History No Friend to Emerging-Market Currencies as August Landsby , , and
Currencies fell this month in seven of the past 10 years
Drop-off in liquidity seen extending losses from falling oil
Currencies of developing nations have had a great run since the aftermath of the Brexit vote, posting an advance in the past month or so that’s been bettered just once in 4 1/2 years. Now their gains may be about to come to an abrupt halt -- all because of a quirk of history.
Emerging-market currencies fell in seven of the past 10 Augusts. It’s almost impossible to know why this happened: Aviva Plc calls it a “coincidence” while others attribute it to investors paring holdings of assets considered to be riskier in case they’re caught out while on vacation.
“This August effect is one of those weird things that seems to happen almost every year, and whatever may be driving the market is magnified by low-volume trading,” said Win Thin, head of emerging-market currency strategy at Brown Brothers Harriman & Co. in New York.
This month may be particularly perilous for developing-nation currencies, with the Rio Olympics drawing more traders away from their desks and an increase in terror attacks potentially moving markets. Most vulnerable are Brazil’s real and South Africa’s rand, which are forecast to post the biggest losses by year-end among 24 peers tracked by Bloomberg after being among the top three gainers versus the dollar in 2016. The currencies declined 0.5 percent and 0.2 percent respectively against the dollar on Monday.
The MSCI Emerging Markets Currency Index fell an average 0.9 percent in the month of August over the past decade, tying this as the worst month with November. Liquidity in foreign-exchange trading dropped in six of the past 10 Augusts, according to Bank of America Corp. data. The index rose 0.3 percent on Monday.
“It’s generally referred to as the summer doldrums,” said Stephen Innes, a senior trader in Singapore at currency broker OANDA Corp. “Generally in summertime there’s a slowdown in the economy when there’s not a lot of activity in capital markets. And a lot of traders are taking holidays.”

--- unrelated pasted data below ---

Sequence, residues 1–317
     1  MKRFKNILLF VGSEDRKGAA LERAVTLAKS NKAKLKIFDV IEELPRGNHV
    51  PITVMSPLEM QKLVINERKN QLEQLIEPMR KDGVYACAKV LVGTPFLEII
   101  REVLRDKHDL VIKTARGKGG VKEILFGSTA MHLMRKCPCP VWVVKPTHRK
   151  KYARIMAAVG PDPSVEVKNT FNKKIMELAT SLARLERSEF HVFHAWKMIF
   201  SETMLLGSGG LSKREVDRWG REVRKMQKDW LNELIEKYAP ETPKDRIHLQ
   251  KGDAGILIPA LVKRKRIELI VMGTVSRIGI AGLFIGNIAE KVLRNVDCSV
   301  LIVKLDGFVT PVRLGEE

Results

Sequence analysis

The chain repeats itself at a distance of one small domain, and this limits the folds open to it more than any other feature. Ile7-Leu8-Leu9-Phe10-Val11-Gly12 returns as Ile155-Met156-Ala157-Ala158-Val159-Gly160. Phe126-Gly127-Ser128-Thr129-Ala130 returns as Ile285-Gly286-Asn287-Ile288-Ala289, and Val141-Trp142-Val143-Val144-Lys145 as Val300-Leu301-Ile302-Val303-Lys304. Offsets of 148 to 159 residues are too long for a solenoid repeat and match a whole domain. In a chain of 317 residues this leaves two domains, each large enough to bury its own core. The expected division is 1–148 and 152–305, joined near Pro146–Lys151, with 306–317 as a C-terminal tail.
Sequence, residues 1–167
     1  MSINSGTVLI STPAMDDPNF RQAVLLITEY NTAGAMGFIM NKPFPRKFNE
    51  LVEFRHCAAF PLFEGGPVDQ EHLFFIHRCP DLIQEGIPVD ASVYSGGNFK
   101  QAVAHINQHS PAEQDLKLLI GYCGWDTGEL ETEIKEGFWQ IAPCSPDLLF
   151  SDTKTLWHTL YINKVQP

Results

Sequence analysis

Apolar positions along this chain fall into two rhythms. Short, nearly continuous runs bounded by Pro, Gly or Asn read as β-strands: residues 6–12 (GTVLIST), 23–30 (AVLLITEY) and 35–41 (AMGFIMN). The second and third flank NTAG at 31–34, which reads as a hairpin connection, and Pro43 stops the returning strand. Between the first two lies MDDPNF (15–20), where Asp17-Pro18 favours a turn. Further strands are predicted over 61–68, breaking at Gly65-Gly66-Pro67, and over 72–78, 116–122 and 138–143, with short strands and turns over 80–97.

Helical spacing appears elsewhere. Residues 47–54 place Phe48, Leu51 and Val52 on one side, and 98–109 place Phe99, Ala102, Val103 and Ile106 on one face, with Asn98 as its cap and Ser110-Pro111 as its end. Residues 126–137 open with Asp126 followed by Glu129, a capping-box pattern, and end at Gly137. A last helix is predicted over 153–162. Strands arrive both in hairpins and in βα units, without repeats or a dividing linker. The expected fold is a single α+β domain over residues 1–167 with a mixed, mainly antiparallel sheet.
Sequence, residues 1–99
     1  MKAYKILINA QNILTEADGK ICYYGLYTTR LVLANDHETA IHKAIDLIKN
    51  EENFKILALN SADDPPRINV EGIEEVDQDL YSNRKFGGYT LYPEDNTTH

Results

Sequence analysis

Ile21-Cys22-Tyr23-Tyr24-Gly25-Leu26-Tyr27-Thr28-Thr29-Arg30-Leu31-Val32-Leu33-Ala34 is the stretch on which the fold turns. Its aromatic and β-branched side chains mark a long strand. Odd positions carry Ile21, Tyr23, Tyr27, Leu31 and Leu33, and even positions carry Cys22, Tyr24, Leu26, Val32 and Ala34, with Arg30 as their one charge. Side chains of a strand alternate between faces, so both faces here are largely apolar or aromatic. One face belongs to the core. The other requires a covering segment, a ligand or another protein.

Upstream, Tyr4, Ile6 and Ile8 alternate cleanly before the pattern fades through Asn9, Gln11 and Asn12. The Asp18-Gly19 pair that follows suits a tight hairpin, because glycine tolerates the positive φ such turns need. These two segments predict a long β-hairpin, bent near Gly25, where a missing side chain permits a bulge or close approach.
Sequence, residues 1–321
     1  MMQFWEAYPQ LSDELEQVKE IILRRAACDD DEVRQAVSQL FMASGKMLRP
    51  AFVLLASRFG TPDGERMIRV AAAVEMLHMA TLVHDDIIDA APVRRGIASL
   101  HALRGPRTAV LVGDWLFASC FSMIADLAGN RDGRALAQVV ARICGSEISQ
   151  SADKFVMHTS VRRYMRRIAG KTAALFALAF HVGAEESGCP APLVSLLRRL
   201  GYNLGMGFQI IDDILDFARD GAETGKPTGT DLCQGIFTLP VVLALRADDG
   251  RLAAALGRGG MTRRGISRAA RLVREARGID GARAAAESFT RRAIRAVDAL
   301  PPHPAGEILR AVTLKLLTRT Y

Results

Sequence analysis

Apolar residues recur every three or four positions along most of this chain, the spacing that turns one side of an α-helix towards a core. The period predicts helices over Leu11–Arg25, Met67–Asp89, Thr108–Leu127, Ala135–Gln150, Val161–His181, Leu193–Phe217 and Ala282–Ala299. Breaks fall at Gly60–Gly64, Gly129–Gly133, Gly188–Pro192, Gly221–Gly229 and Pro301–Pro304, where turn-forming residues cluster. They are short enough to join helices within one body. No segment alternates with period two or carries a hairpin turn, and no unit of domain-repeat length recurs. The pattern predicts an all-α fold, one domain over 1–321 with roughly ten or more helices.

Emerging-market currencies have risen in 2016, with MSCI’s index climbing 5.6 percent, headed for its first annual advance in four years. More than half of those gains -- about 3.2 percent -- are since June 27, when markets began their recovery from Britain’s shock decision to quit the European Union.
Apart from the 5.2 percent jump this March, that’s better than any single-month gain since January 2012. Like global stocks, the currencies have rallied on speculation central banks will use additional stimulus to counter the economic fallout of Brexit.
Those gains may be about to run out of steam, not just in August, but longer term. While the Federal Reserve’s monetary policy statement on July 27 sought to damp speculation about an imminent increase to U.S. interest rates, officials also upgraded their assessment of the economy. Other headwinds to consider include tumbling oil and commodity prices.
Not everyone’s so pessimistic. Brown Brothers’s Thin said the prospect of a delayed dollar-boosting U.S. rate hike at least gives investors “a few months to be positive on emerging currencies” following an August selloff.
Aviva’s Liam Spillane, who as a London-based money manager helps oversee about $5.5 billion of emerging-market debt, said the short-term outlook for the currencies may be “a little challenging given the recent move in oil,” which is falling back toward $40 a barrel, as well as prospects for a stronger dollar. Still, he said he’s “positive in the medium to long term.”
Yet the fundamental picture looks bleak. With China’s economy growing at the slowest pace in two-and-a-half decades, developing nations are the source of much of the instability in world markets. JPMorgan Chase & Co.’s index of emerging-market currency volatility last week exceeded a developed-nation measure for the first time since May -- re-establishing a trend seen during times of stress such as the 2008 financial crisis.
“Gains in emerging-market foreign exchange will be difficult,” said Jason Daw, head of strategy for the asset class at Societe Generale SA in Singapore. The bank is neutral on the currencies over the next year but recommends betting against South Korea’s won as a hedge against seasonal losses. “Investors might start reducing exposure ahead of illiquid August trading.”